Panic Disorder (Panic Attacks)
Panic disorder is a form of anxiety which causes individuals to have recurring panic attacks. During a panic attack, normal bodily sensations become catastrophically misinterpreted by the sufferer who then views these as a threat. During a panic attack an individual may become convinced that the physical sensations they feel must be a symptom of a life-threatening illness such as a heart-attack or stroke. Panic attacks are often described as coming out of the blue, from nowhere without an obvious trigger. This can mean that a person can feel fine one minute and out of control the next and in the grip of a panic attack. As well as causing intense fear and terrifying thoughts panic attacks also produce very real physical symptoms that provide further "evidence" to the sufferer that something must be wrong with them. Physical symptoms include a racing heartbeat, sweating, shaking, nausea, dizziness and feeling faint. During a panic attack a person may feel convinced that they are going to die and these thoughts and feelings can have a devastating affect on their ability to cope day to day.
Panic Attack symptoms
During a panic attack, physical symptoms can build up with alarming speed causing a "crescendo" of anxiety. These symptoms include:
A panic attack can cause you to believe that your life in danger and you feel as though you are:
What is the treatment for Panic Disorder?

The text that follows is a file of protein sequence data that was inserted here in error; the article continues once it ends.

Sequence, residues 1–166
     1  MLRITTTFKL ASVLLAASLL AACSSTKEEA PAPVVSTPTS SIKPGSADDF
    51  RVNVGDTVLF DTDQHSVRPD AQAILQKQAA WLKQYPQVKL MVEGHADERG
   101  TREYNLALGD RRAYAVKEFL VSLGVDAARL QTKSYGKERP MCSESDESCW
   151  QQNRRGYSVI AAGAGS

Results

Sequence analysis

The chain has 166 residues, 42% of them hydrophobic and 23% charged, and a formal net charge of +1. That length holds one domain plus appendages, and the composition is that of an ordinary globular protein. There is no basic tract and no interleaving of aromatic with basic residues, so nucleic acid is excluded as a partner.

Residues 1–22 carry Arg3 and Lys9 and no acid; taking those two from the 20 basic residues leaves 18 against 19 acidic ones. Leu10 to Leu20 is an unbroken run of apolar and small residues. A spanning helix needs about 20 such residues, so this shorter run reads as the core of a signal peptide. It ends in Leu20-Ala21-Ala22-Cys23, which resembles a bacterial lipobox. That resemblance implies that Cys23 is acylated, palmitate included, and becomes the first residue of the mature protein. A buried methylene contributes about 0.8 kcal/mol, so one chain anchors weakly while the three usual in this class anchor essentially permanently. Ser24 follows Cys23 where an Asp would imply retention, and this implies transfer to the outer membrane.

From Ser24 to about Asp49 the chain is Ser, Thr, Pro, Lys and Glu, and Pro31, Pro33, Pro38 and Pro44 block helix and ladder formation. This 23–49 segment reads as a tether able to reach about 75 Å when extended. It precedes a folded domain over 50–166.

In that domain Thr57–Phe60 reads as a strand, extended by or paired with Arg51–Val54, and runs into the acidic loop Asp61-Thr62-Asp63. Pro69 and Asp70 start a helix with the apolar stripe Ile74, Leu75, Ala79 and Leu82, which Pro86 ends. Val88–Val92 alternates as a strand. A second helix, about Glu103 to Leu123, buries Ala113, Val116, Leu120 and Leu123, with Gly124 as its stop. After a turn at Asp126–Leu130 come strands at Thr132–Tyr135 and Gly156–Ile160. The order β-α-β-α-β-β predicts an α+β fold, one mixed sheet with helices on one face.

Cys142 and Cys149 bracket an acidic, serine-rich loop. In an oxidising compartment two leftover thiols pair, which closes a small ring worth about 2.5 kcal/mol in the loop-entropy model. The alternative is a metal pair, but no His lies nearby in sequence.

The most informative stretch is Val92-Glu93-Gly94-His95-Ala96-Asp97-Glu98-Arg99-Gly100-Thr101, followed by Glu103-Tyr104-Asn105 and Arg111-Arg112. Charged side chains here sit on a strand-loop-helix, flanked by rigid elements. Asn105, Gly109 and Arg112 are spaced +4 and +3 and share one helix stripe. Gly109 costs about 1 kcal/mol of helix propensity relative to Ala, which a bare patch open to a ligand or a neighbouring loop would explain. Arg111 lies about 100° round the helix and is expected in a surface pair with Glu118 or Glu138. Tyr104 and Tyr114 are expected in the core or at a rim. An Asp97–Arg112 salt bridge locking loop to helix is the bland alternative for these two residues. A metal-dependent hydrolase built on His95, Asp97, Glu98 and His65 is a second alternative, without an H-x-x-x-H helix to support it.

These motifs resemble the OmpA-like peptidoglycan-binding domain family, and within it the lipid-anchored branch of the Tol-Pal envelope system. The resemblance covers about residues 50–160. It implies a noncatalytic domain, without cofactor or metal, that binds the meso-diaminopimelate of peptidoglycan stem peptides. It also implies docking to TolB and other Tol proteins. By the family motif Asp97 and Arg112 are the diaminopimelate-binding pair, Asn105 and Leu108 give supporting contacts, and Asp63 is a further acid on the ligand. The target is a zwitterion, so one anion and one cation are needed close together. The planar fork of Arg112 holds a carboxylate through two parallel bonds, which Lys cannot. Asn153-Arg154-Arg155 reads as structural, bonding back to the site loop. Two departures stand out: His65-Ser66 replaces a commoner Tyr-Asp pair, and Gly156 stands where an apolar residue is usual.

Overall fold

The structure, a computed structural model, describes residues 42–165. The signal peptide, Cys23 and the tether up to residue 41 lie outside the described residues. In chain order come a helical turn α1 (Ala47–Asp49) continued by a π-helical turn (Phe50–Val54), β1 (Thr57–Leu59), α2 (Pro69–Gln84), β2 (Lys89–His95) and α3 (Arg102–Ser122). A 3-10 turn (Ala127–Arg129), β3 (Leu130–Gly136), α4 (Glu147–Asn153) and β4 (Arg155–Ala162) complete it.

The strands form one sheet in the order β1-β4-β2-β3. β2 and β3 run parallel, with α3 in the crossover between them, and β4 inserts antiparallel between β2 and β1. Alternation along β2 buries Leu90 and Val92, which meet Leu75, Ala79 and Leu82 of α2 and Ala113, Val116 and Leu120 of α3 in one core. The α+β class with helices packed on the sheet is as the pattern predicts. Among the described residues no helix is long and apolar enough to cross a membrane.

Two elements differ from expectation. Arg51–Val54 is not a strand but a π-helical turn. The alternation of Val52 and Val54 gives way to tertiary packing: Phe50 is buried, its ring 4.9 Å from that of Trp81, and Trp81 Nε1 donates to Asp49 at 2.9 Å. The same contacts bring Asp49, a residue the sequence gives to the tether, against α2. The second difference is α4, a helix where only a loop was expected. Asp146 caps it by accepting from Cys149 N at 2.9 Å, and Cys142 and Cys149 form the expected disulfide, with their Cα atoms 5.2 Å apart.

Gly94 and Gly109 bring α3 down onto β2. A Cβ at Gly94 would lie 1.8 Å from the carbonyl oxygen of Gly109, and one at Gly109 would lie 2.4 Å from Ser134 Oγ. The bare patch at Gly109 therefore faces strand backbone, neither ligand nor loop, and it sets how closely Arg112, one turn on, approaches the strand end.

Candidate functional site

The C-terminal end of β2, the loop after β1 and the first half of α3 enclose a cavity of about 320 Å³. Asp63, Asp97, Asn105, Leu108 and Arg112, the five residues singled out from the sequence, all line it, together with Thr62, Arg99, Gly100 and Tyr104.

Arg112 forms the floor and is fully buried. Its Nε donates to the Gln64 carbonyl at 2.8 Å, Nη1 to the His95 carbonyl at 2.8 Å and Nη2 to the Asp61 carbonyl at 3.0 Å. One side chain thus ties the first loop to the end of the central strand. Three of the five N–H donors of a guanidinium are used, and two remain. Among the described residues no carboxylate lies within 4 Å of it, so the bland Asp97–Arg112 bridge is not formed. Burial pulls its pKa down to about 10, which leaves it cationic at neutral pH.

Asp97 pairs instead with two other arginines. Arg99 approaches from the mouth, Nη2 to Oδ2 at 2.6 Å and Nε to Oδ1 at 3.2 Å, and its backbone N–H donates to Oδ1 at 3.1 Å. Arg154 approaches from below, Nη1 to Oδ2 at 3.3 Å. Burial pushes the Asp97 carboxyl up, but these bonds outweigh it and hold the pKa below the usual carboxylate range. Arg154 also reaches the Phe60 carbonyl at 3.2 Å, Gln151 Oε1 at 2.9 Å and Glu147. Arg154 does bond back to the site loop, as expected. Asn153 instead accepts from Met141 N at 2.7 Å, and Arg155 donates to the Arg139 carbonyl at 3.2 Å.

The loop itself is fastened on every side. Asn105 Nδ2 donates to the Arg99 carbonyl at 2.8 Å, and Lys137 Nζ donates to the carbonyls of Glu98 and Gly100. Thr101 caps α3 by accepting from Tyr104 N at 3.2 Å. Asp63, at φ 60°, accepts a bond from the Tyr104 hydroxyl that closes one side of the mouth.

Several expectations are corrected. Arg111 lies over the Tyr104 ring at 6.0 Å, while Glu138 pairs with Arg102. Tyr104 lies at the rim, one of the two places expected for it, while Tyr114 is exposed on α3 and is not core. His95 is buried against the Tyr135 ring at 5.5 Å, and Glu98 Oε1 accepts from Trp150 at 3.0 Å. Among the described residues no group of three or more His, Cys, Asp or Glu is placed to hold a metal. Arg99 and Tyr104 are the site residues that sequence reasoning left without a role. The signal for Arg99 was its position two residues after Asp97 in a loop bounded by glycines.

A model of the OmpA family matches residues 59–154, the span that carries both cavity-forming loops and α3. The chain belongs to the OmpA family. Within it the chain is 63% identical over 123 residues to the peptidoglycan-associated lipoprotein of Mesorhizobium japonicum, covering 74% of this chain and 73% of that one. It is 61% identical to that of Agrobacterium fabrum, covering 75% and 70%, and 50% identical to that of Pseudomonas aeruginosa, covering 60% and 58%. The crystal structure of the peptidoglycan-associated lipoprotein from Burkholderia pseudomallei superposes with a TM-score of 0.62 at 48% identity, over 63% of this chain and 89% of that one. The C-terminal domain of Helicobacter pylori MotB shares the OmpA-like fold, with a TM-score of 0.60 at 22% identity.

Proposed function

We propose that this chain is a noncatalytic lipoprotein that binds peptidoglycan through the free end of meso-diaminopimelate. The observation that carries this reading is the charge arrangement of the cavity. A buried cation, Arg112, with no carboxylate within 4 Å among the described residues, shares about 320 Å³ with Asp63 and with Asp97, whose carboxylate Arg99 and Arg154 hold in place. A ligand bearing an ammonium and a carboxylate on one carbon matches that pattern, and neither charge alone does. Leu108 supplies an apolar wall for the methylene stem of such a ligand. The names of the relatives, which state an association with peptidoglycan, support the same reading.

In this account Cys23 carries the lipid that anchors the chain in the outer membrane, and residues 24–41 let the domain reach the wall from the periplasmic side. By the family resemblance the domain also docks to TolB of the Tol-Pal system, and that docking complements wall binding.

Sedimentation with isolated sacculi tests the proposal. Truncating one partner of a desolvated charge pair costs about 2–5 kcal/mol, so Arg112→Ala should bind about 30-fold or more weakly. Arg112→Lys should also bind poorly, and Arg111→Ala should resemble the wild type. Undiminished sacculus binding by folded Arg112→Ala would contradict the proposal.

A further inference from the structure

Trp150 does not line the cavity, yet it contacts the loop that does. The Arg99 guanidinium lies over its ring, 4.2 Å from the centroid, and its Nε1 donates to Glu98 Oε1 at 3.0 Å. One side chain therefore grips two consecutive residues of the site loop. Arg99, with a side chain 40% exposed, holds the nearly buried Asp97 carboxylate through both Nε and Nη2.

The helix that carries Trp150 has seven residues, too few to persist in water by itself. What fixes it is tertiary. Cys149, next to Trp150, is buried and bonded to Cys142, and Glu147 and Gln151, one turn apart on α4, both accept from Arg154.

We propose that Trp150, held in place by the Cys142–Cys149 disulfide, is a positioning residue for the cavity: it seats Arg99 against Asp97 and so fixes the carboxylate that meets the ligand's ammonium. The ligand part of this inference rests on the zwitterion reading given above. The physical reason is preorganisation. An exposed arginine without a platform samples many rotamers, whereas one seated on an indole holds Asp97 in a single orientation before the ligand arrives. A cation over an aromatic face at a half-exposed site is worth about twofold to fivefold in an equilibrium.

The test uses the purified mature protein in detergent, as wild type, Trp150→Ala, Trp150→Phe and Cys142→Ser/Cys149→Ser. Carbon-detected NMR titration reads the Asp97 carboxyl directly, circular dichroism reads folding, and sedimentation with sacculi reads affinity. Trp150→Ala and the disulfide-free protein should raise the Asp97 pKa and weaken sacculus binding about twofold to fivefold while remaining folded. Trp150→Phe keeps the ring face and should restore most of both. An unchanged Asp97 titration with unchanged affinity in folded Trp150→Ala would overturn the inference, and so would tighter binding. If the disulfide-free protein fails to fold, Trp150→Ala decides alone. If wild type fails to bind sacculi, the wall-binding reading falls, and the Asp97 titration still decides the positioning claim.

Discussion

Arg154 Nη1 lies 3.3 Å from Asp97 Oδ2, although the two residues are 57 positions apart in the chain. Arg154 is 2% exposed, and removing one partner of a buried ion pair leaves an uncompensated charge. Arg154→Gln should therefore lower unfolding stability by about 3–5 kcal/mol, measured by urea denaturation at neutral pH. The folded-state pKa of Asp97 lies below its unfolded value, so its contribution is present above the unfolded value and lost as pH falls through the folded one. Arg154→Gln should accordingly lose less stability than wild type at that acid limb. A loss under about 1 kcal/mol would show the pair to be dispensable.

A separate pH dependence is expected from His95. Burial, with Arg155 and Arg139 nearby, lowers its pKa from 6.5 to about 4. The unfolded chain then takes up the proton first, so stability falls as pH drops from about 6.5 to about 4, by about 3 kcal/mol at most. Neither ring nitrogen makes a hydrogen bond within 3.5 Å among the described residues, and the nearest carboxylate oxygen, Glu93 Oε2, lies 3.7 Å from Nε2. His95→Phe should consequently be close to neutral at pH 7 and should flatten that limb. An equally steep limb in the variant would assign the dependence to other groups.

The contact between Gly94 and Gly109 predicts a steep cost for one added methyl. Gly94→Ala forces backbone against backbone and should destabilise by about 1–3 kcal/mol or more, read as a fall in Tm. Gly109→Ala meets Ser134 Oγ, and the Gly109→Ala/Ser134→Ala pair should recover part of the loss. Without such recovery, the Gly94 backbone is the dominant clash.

Panic Disorder can be treated effectively with a course of Cognitive Behaviour Therapy. CBT can help us to gain more understanding about the symptoms of our panic attacks as well as the thoughts and behaviours that we tend to adopt when we feel a panic attack coming on. When we look more closely at the thoughts and behaviours that seem to help when we feel panicky we can often be surprised to learn that these are actually keeping the disorder going in the long-term. Safety and avoidant behaviours refer to any behaviours that appear to give some relief from the panic symptoms - for example if you feel dizzy and light-headed during a panic attack you might believe that you need to find somewhere quiet and sit down. If you somehow feel better when you sit down it's easy to see that you will soon build up a belief that this is what you must do every time you experience a panic attack and, since our brains tend to encourage us to repeat behaviours that seem to work, you'll carry on doing this every time you feel this way. In reality though, sitting down is unlikely to have contributed anything to the sense of relief you now feel and in the process you will have missed a valuable opportunity to test out the possibility that your anxiety would have subsided on its own without actually doing anything at all other than insisting that you remain standing. This is because anxiety creates the belief that we are under and immediate threat and need to do something to protect ourselves but the fact is that anxiety tends to decrease the more we learn to tolerate it - it may well feel unpleasant in the moment but eventually the intensity of the feelings will reduce and the panic will fade away. This means that the key to overcoming a panic attack is to simply stay with and tolerate the feelings - the more that we can allow ourselves to experience our anxious thoughts and feelings the less scary they will feel and the more we will learn to manage them more effectively.